Menopause Early Age



There may be several reasons for a menopause early age onset. Some of them are innocuous; some are very serious and may well require treatment. It is becoming recognized more widely that a woman’s hormones do more than make her fertile and reproductive and that the decline of these hormones can cause a wide range of unpleasant symptoms. Therefore when it comes to the menopause early age onset is something which can cause an increased risk of developing neurological disorders like Parkinson’s disease; cognitive decline and dementia as well as a greater risk of heart disease. Prior to the menopause a woman’s hormones protects her to some extent from these diseases.

So what would be considered a menopause early age onset?

Typically, a woman can expect to begin experiencing significant symptoms of the menopause such as irregular menstruation, night sweats and vaginal dryness between the ages of forty-five and fifty-five. Anything earlier than that would be considered menopause early age onset.

However, there are other health problems as well as simple stress or low weight which can mimic the symptoms of menopause early onset and result in a lack of menstruation. A more sure-fire way to know if you are entering the menopause, early age or not, is by asking your doctor to do a simple FSH level test on a urine or blood sample. This will ascertain whether you have the very low levels or a total absence of a follicle stimulating hormone that will make you ovulate.

Causes of menopause early age onset

Typically, doctors will call it menopause early age onset if it occurs before the age of forty. Some causes of this condition are obvious, such as having had your ovaries removed through cancer. This will prevent ovulation and this send the woman’s body into a menopausal state at whatever age she is. Chemotherapy and radiation therapy can also cause menstruation to cease.

It is possible that this condition is caused by nothing more worrying than family history, so if this is happening to you, try to find out of your mother and grandmothers entered the menopause prematurely. A clue may also be in you started your menstrual periods early, before the age of eleven, because then it may simply be that your ovaries ran out of eggs.

Premature ovarian failure (POF) doesn't necessarily mean that your ovaries have run out of their supply of eggs. This is sometimes the case in menopause early age onset, but it is not inevitably so. It could also be that your body has ceased responding to biological signals which are telling it to ovulate. The waters are muddied because you can have menstrual periods without ovulating and when you have ceased ovulating, after the menopause, you may have an occasional bleed, just like with your menstrual period.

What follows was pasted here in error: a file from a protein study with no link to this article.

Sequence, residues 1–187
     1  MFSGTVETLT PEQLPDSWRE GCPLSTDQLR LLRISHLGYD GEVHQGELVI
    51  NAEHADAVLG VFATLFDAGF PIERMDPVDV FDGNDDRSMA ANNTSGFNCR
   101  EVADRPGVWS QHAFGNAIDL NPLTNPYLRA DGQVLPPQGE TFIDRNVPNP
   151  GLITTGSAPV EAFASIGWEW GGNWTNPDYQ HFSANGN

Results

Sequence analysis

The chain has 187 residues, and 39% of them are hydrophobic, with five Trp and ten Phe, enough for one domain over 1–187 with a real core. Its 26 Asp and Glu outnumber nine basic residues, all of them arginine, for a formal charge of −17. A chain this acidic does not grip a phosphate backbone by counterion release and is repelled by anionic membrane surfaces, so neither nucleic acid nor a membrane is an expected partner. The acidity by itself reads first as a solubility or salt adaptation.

There are some women whose menopause early age onset is caused by a chromosomal abnormality. It is sometimes referred to as ‘fragile X syndrome’ whereby one of the woman’s two X chromosomes is somehow weakened. This second X chromosome can also be missing completely as in Turner’s syndrome.

As if all this wasn’t complex enough, some women have a third X chromome which results in menopause early age onset too.


Women who have experienced menopause early age onset are more susceptible to osteoporosis and heart disease, which their hormones would previously have protected them from. This means that menopause early age onset is usually treated with hormone replacement therapy or even a low dose of the contraceptive pill.

The bottom line is that whatever the reason for your menopause early age onset, it’s a sign that your ovaries are not performing as well as they should be doing. This has significant health implications and will probably require treatment, so you should discuss your options with your doctor.


 No part of this article may be reproduced in full or in part without express written permission of the publisher.

Medical Disclaimer:
All of the information contained in the menopause A to Z web site and any associated electronic publications, to include electronic books ("e-Books"), emails, newsletters and links are provided for educational and entertainment purposes ONLY. Neither the FDA, nor any other medical or government authority has evaluated the information. Nor does the information presented always represent the consensus of most physicians. The information is not intended to diagnose, treat, cure, or prevent any disease, nor should it be used as a therapeutic modality or as a substitute for your own physician's advice.   Click Here to Read Full Medical Disclaimer

Medical Disclaimer | Terms Of Service | Privacy Notice | Sitemap